And that made me think about the “temple” of God. Ever since God rescued his people from Egypt, his interactions with his people always had a central meeting point. First, it was the mobile tabernacle that traveled with the people through the wilderness. Then it was the temple that Solomon built in Jerusalem, and Cyrus had rebuilt there. And, finally, the central meeting point was Jesus Christ and his church. (We ought not to read the Old Testament without considering its place in the full story of the gospel.)

In Ezra 1, God was making plans for a rebuilt temple for his people – a new place of worship and holy interaction. This is a God who wants to meet with us. He wants there to be an avenue for us to reach out to him.

And God stirred up the heart of a pagan king, and he stirred up the hearts of some leaders of the faith (who likely were discouraged), to build a holy meeting place. This was God’s original desire – not theirs. This is the God we worship. He takes the initiative.

It was out of that same initiative that sent Jesus to be born in that stable in Bethlehem and to proclaim the coming of the kingdom of God and to die on the cross and to rise again. Jesus became the ultimate temple of God. And that temple remains in place in the form of the church.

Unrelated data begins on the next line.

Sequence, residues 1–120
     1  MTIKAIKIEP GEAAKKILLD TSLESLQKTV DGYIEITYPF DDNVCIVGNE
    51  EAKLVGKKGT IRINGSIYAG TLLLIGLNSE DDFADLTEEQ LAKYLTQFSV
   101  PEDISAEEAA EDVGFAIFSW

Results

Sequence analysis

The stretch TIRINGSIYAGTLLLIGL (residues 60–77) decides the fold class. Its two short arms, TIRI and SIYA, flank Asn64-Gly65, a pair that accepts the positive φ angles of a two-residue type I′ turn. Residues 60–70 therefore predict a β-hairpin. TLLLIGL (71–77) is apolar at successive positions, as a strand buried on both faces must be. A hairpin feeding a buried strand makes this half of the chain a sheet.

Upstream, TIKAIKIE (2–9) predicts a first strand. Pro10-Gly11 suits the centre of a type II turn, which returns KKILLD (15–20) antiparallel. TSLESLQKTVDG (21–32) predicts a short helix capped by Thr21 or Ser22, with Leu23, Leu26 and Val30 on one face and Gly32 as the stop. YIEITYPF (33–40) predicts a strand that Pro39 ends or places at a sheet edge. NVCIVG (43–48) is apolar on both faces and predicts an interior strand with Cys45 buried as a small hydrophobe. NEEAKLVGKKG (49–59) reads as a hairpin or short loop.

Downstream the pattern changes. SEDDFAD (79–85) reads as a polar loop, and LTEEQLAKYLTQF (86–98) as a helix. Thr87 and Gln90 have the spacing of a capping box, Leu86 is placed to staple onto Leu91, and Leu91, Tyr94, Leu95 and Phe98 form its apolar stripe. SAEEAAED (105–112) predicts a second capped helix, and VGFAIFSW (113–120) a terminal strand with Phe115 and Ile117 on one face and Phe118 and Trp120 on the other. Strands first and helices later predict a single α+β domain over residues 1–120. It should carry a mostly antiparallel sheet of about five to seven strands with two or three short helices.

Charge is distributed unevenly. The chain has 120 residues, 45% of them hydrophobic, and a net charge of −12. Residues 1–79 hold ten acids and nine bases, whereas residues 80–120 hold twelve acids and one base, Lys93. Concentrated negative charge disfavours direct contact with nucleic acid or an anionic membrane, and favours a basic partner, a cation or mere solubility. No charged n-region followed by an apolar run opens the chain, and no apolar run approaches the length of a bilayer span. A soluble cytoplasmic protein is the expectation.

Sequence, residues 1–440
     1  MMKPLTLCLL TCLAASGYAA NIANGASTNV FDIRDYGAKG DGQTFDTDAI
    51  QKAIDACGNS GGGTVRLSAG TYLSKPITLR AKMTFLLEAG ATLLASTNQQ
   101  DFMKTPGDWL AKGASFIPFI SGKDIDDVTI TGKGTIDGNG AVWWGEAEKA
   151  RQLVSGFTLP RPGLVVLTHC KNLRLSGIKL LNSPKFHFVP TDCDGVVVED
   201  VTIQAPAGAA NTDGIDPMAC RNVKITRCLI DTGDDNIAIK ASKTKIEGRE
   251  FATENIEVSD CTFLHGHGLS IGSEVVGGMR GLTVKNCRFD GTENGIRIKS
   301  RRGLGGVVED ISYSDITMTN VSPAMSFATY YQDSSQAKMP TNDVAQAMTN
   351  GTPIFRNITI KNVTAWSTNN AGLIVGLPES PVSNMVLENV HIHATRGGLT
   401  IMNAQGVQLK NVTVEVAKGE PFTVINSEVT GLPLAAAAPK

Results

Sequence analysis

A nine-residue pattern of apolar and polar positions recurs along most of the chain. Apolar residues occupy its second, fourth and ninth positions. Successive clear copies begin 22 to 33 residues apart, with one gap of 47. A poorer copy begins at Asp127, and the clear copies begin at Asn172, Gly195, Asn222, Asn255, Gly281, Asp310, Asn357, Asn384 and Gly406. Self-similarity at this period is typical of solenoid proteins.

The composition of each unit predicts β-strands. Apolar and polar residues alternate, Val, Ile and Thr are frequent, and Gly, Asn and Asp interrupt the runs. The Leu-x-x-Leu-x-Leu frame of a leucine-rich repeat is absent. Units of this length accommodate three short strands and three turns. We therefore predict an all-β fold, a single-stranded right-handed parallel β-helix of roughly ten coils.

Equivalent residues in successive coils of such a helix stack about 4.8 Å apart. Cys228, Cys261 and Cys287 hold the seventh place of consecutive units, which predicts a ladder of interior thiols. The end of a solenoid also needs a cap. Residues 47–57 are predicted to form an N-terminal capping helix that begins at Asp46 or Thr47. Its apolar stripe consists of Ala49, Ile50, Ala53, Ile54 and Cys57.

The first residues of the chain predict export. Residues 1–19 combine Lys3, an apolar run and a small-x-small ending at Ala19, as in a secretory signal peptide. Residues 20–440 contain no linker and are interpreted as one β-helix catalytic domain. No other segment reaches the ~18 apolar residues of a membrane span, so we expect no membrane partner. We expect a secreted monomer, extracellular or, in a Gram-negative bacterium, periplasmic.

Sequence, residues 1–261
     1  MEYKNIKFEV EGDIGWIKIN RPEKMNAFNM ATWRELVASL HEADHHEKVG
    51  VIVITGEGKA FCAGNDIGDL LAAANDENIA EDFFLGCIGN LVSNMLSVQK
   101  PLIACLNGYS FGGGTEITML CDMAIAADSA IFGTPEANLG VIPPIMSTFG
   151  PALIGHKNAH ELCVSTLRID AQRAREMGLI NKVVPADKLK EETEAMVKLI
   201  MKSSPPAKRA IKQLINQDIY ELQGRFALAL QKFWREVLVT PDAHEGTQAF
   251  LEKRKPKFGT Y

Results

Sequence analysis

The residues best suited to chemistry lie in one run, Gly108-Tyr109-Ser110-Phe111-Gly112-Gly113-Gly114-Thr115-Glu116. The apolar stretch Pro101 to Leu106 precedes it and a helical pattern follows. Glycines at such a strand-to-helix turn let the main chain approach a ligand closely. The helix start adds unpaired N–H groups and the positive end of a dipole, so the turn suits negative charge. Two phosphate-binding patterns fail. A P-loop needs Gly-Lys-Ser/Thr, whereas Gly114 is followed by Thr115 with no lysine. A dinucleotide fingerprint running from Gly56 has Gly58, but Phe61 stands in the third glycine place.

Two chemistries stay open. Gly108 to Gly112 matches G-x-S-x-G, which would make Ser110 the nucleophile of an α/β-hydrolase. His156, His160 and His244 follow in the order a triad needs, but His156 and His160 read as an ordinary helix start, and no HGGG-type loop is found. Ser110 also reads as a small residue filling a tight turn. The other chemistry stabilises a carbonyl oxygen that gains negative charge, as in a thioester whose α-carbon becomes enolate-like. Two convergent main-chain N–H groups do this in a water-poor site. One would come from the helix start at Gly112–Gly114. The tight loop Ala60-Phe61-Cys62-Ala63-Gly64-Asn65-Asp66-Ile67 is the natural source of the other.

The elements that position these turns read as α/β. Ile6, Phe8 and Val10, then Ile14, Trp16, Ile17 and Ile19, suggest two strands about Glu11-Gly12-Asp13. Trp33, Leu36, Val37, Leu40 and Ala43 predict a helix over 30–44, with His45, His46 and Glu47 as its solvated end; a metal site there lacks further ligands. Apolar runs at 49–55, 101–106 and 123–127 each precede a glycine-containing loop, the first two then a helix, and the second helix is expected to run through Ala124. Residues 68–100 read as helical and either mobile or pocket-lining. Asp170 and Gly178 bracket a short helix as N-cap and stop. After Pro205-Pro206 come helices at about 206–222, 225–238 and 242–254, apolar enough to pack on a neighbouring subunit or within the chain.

The apostle Paul wrote, “Do you not know that you are God’s temple and that God’s Spirit dwells in you? If anyone destroys God’s temple, God will destroy him. For God’s temple is holy, and you are that temple” (1 Corinthians 3:16-17). Paul was writing to the church – a body of believers built by God’s own initiative to carry on the work of Christ until Jesus’ return. God wants his temple to remain holy, to continue to be built up, and to be a place (a people!) where the world can come as it seeks to reach out to God.

So these are the thoughts that I had as I read Ezra 1. It feels kind of like I went far afield – all the way into 1 Corinthians! But I don’t think so. The Old Testament and New are bound together by Christ, and the God who orchestrated the rebuilding of the temple is the same God who sent the Son to build the permanent temple – not a physical building but a physical people.

So what does it mean for me? Today, I feel a kind of sadness in my soul. I’ve felt this since the start of our stay-at-home order. We just had an Easter of no church services. We could spectate services online, but it’s just not the same. The church is still a people of flesh and blood – not usernames. Whether we want to admit it or not, the church in America and across the world is getting a good rattling – a testing. This is how I feel about it. You may feel differently, and I respect that.

These are hard times for the church, for the temple of God. And yet, our future is as secure as it ever has been. We serve the God who stirs up hearts, who has a vision for a holy temple, who sacrificed himself on the cross to make that temple a reality – and to defeat death once and for all.

Chris